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Art And Nature
by [?]

During the time that all this was going on, Miss Fanny, whom we now declare our heroine, had been growing up in the quietude of her mother’s country seat, and growing, as girls are apt to, much faster than her mother imagined. She was a fair, slender girl, with a purity and simplicity of appearance, which, if it be not in itself beauty, had all the best effect of beauty, in interesting and engaging the heart.

She looked not so much beautiful as lovable. Her character was in precise correspondence with her appearance; its first and chief element was feeling; and to this add fancy, fervor, taste, enthusiasm almost up to the point of genius, and just common sense enough to keep them all in order, and you will have a very good idea of the mind of Fanny Grey.

Delightfully passed the days with Fanny during the absence of her mother, while, without thought of rule or compass, she sang her own songs, painted flowers, and sketched landscapes from nature, visited sociably all over the village, where she was a great favorite, ran about through the fields, over fences, or in the woods with her little cottage bonnet, and, above all, built her own little castles in the air without any body to help pull them down, which we think about the happiest circumstance in her situation.

But affairs wore a very different aspect when Mrs. Grey with her daughters returned from Europe, as full of foreign tastes and notions as people of an artificial character generally do return.

Poor Fanny was deluged with a torrent of new ideas; she heard of styles of appearance and styles of beauty, styles of manner and styles of conversation, this, that, and the other air, a general effect and a particular effect, and of four hundred and fifty ways of producing an impression–in short, it seemed to her that people ought to be of wonderful consequence to have so many things to think and to say about the how and why of every word and action.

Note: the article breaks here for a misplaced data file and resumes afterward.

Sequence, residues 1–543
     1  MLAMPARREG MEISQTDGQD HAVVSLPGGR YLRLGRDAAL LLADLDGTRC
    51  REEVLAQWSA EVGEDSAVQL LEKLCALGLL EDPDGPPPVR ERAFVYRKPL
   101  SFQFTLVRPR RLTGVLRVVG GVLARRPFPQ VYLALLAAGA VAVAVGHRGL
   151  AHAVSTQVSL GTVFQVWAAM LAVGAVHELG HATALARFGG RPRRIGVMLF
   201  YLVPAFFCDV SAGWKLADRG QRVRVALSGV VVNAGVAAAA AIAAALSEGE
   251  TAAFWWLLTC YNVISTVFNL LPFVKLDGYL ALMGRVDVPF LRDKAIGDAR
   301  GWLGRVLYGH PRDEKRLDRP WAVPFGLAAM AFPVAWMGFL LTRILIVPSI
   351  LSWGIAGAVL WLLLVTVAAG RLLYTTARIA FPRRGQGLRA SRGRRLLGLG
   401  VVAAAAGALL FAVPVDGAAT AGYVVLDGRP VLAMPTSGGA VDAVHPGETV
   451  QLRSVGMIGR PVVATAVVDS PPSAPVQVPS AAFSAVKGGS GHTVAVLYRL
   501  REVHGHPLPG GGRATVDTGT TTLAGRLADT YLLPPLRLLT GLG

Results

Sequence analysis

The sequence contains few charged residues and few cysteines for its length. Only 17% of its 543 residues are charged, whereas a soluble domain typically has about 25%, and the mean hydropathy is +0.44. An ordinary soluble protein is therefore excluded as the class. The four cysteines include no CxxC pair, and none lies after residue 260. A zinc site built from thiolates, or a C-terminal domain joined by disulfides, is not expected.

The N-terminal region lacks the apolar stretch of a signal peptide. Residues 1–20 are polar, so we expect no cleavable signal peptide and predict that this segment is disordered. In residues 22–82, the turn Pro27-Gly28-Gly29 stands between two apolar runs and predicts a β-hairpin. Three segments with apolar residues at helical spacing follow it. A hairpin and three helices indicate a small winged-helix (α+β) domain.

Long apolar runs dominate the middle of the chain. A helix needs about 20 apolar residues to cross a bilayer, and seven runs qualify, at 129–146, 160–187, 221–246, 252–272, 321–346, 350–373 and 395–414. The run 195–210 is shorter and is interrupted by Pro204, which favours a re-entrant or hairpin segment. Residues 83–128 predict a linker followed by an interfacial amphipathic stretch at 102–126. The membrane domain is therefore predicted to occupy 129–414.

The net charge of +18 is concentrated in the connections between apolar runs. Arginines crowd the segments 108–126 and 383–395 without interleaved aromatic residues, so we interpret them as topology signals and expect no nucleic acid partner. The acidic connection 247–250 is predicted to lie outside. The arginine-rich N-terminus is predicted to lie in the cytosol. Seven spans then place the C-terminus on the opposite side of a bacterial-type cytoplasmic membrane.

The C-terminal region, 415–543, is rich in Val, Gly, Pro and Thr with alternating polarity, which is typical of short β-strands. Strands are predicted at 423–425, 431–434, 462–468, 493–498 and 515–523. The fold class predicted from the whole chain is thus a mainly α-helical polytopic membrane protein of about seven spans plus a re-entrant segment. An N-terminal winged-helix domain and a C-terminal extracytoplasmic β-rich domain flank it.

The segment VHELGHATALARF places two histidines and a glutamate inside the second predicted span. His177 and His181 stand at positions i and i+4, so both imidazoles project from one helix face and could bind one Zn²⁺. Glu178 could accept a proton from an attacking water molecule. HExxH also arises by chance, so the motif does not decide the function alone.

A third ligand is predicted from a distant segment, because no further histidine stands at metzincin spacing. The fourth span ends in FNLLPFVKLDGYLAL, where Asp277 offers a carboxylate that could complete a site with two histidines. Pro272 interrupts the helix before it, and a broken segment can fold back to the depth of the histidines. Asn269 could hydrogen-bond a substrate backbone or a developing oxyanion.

Mrs. Grey, who had no manner of doubt of her own ability to make over a character, undertook the point with Fanny as systematically as one would undertake to make over an old dress. Poor Fanny, who had an unconquerable aversion to trying on dresses or settling points in millinery, went through with most exemplary meekness an entire transformation as to all externals; but when Mrs. Grey set herself at work upon her mind, and tastes, and opinions, the matter became somewhat more serious; for the buoyant feeling and fanciful elements of her character were as incapable of being arranged according to rule as the sparkling water drops are of being strung into necklaces and earrings, or the gay clouds of being made into artificial flowers. Some warm natural desire or taste of her own was forever interfering with her mother’s regime; some obstinate little “Fannyism” would always put up its head in defiance of received custom; and, as her mother and sisters pathetically remarked, do what you would with her, she would always come out herself after all.

After trying laboriously to conform to the pattern which was daily set before her, she came at last to the conclusion that some natural inferiority must forever prevent her aspiring to accomplish any thing in that way.

“If I can’t be what my mother wishes, I’ll at least be myself,” said she one day to her sisters, “for if I try to alter I shall neither be myself nor any body else;” and on the whole her mother and sisters came to the same conclusion. And in truth they found it a very convenient thing to have one in the family who was not studying effect or aspiring to be any thing in particular.

It was very agreeable to Mrs. Grey to have a daughter to sit with her when she had the sick headache, while the other girls were entertaining company in the drawing room below. It was very convenient to her sisters to have some one whose dress took so little time that she had always a head and a pair of hands at their disposal, in case of any toilet emergency. Then she was always loving and affectionate, entirely willing to be outtalked and outshone on every occasion; and that was another advantage.